Why Does the Bible Condone Genocide?

by John Hendryx

Visitor's Question: Why does the Bible condone genocide? Was that just the Old Testament "god" who demanded that? It is clear that in the book of Joshua, God commanded the Jews to utterly wipe out people groups that inhabited Canaan. If this is so, why didn't Jesus denounce him? Christians often try to avoid this question, it seems to me.

Response: Actually, I am surprised that this question should be avoided, as it provides one of the clearest illustrations of a most significant truth in the Bible: Not only did God take the lives of those He ordered the Israelites to kill (the Canaanites) – He also takes the life of everyone on earth. The peoples of Canaan may have faced the death penalty earlier than expected, but in essence, their fate was no different than ours. We are all subject to death. Death, as the Bible reveals, is the just penalty imposed for Adam's disobedience in the garden (Genesis 2:16-17; Rom. 5:12-14). Thus, not only may God take life as He sees fit – He does take the life of every last human on earth (see Heb. 9:27). We should not lose sight of this alarming truth: death is not natural, it is not a normal process of time and chance, nor is it a necessary mechanism of evolution. Humans were created to live, and the fact that they do not speaks to a terrifying reality – we are all born under divine wrath and judgment.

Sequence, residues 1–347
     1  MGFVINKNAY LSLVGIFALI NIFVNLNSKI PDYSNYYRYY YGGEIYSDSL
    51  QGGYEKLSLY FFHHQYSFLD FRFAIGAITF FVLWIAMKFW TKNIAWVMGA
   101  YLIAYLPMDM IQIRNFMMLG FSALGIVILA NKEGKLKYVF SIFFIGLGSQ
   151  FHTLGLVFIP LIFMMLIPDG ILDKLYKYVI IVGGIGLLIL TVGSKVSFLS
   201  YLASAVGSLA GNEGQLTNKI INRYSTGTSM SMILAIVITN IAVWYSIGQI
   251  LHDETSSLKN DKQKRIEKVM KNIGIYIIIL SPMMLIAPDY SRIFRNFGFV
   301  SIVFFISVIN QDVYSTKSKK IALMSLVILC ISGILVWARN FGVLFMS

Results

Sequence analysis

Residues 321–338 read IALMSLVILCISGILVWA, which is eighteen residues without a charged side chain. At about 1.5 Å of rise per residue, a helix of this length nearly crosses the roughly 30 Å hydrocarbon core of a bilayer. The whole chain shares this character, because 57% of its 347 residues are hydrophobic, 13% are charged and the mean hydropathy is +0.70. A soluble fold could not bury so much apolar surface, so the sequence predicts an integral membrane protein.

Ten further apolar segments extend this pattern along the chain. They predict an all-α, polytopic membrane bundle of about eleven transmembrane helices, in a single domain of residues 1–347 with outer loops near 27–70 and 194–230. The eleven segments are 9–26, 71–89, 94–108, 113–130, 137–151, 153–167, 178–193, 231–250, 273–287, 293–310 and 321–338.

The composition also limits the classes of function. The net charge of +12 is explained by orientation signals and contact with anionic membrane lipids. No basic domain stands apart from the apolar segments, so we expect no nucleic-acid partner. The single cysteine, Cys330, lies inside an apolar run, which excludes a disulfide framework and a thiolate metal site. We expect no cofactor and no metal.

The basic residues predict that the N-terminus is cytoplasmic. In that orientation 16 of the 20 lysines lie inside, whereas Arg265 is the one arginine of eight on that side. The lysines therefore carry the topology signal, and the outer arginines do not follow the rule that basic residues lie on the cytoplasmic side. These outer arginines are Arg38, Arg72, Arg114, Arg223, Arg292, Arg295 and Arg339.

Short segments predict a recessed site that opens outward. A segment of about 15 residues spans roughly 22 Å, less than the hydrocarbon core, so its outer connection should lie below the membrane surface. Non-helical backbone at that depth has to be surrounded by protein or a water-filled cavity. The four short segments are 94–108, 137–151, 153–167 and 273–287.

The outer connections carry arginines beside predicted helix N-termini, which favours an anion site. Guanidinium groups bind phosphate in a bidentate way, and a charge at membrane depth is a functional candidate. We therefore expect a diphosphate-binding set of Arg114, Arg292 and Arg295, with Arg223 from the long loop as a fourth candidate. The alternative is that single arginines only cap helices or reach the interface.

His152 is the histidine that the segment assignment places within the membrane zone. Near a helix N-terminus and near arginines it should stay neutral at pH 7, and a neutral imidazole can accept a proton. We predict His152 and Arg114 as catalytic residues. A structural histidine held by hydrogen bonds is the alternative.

Thu, 12/26/2013 - 07:05 -- john_hendryx

Legalism and Antinomianism: The Two Gospel Thieves by Pastor Nick Batzig (Guest Post)